The Classical Station’s interview with Paul Merkelo for Preview!

Interview with Paul Merkelo
by Bethany Tillerson (photo credits: © Paul Merkelo)

Paul Merkelo, this week’s guest on Preview!, has performed as the Orchestre symphonique de Montréal’s Principal Trumpet since 1995, and recently released his debut solo album, a collection of trumpet concertos written by Arutiunian, Weiberg, and Shostakovich. For years, he has earned acclaim for his lyrical playing, as well as his talent for phrasing. This week, he speaks with Rob Kennedy about the concertos he chose to include on the album.

ROB: I did not know about Alexander Arutiunian until I heard your recording of his Trumpet Concerto. Can you tell our listeners about him?

MERKELO: He’s originally Armenian, and his Trumpet Concerto is one of his most famous compositions. I would call it a virtuoso showpiece. I have been practicing it since I was about 13 years old. The concerto was composed in 1950, and it has a lot of lyrical, Eastern European, Khachaturian-like textures. Arutiunian’s writing is very Armenian and while it has that Eastern European flavor, it’s also steeped in a very traditional compositional style. However, the really unique thing about this concerto is that it’s all one movement.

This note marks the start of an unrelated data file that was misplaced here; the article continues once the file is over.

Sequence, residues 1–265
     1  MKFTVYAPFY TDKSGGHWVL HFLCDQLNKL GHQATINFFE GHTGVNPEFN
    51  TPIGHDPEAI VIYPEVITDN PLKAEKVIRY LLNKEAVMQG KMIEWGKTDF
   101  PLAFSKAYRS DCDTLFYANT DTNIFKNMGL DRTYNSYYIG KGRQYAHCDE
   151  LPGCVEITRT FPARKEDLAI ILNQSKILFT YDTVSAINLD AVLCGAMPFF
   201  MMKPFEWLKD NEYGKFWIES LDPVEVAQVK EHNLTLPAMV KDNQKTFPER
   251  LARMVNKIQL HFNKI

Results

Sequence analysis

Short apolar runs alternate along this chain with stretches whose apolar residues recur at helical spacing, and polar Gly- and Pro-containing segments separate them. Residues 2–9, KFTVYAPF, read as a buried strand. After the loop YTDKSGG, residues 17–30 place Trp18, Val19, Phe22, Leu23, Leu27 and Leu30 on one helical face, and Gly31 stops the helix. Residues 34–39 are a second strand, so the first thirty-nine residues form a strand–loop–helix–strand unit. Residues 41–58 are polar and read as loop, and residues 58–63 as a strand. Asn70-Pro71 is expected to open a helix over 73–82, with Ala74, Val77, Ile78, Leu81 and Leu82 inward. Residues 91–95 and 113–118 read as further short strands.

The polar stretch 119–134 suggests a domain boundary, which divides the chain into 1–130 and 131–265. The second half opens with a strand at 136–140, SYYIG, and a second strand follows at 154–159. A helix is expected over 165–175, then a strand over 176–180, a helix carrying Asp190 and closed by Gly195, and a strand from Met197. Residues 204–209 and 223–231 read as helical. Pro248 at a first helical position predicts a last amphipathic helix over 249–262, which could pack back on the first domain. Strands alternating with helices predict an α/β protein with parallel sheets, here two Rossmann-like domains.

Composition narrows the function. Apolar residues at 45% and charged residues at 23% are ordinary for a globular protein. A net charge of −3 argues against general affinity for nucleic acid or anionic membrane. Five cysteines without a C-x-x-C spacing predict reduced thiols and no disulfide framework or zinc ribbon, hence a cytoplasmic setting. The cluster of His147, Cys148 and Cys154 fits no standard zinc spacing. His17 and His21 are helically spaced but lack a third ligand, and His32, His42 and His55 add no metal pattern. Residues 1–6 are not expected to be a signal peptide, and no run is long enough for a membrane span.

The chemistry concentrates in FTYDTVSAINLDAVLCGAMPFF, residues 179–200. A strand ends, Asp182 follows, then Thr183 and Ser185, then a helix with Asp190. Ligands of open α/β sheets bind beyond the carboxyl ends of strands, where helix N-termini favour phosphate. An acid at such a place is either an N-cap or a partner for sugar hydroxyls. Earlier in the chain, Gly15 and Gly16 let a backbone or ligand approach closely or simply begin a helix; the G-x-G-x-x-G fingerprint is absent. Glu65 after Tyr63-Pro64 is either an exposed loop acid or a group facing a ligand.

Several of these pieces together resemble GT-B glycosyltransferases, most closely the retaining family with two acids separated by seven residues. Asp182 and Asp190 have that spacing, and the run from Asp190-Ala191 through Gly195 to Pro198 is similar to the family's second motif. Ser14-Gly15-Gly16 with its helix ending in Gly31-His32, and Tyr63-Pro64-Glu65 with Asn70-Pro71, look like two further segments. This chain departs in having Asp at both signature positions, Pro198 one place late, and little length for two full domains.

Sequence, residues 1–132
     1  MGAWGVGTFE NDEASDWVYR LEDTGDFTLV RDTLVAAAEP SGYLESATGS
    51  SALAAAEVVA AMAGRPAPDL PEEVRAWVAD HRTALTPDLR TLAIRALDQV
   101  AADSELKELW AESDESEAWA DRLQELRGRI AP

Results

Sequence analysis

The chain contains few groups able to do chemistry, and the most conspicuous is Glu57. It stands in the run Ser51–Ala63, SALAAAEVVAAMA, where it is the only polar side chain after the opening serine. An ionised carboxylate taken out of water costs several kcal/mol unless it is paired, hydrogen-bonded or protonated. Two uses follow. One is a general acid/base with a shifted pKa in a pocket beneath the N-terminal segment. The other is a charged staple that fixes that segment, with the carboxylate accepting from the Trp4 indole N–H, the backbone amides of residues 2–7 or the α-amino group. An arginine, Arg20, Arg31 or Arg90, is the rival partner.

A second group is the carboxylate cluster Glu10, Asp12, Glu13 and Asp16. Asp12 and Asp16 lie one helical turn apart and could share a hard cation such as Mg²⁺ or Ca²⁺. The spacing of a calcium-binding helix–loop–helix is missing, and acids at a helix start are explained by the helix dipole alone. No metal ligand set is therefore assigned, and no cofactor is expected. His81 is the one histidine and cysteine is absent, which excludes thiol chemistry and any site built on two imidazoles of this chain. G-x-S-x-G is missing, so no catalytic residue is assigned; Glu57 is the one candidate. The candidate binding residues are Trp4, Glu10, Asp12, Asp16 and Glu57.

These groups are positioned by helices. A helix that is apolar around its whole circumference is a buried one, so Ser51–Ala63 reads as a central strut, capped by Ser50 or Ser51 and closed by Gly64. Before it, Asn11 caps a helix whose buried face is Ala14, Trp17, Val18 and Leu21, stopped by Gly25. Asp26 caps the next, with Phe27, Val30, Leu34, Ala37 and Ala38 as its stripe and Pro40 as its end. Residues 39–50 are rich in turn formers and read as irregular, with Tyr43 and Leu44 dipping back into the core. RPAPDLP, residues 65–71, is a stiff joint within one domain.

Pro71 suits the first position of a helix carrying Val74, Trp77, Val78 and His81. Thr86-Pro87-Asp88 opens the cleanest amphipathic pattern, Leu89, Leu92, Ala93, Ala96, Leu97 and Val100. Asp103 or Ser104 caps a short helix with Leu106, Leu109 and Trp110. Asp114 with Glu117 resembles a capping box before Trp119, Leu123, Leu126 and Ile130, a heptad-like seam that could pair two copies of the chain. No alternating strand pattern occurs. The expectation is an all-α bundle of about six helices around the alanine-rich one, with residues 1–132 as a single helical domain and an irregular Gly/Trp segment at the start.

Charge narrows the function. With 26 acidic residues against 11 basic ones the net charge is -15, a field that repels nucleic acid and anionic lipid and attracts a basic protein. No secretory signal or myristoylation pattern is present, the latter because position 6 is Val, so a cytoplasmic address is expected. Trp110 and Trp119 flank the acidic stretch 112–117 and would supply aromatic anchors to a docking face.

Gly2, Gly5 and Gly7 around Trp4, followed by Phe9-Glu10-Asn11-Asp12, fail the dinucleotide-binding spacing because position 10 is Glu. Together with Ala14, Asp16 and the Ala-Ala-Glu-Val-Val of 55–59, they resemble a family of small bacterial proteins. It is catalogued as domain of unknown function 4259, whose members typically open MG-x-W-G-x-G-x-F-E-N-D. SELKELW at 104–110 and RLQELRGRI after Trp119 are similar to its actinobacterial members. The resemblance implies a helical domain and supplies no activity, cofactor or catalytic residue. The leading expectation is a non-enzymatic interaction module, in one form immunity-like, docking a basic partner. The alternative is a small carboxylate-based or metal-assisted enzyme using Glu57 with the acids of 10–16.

ROB: How would you describe this album’s Weinberg Trumpet Concerto in B-flat Major? I found his many moods and deft use of the trumpet rather compelling.

MERKELO: Weinberg himself is a composer I think is getting more and more recognition now. When I recorded this, I actually met Mrs. Weinberg. She came to the recording sessions, and we had a chance to sit down and talk with her quite a bit.

The first movement of this concerto is very angular, energetic, and virtuosic. It almost sounds angry, but it’s got tongue-in cheek-moments, a few jazz elements. The second movement is heartbreakingly beautiful. For me, it’s one of the most touching, beautiful movements in all the trumpet solo repertoire. The third movement is a parody: the opening few lines are quoting Mendelssohn’s A Midsummer Night’s Dream, Mahler’s Fifth, Petrushka, and Bizet’s Carmen. It whips up into a frenzy, into a wild cadenza that’s very, very difficult to play, but it ends mysteriously and fades away into nothing in a beautiful Bulgarian waltz.

ROB: Paul, your phrasing is so musical in all these works. Who taught you how to phrase so naturally and so effortlessly?

MERKELO: When I was growing up, I listened to Adolph Herseth, who was the Principal Trumpet at the Chicago Symphony. I found the way he phrased very compelling because he was always driving towards a climactic point. When he tapered out, he would breathe quickly and get back in without interrupting any of the phrasing, very much like a singer. I had the great fortune to study with him in my teen years, and whenever we would work on any solo, whether it was an orchestral passage or an etude or a solo work, he would always tell me that I have to think like a singer, that I have to tell a story with the way I play, and I had to believe in my own story.

Join us for Paul Merkelo’s full interview at 7 PM on Sunday, April 9th! Download our app, stream online on, or turn your radio to 89.7 FM.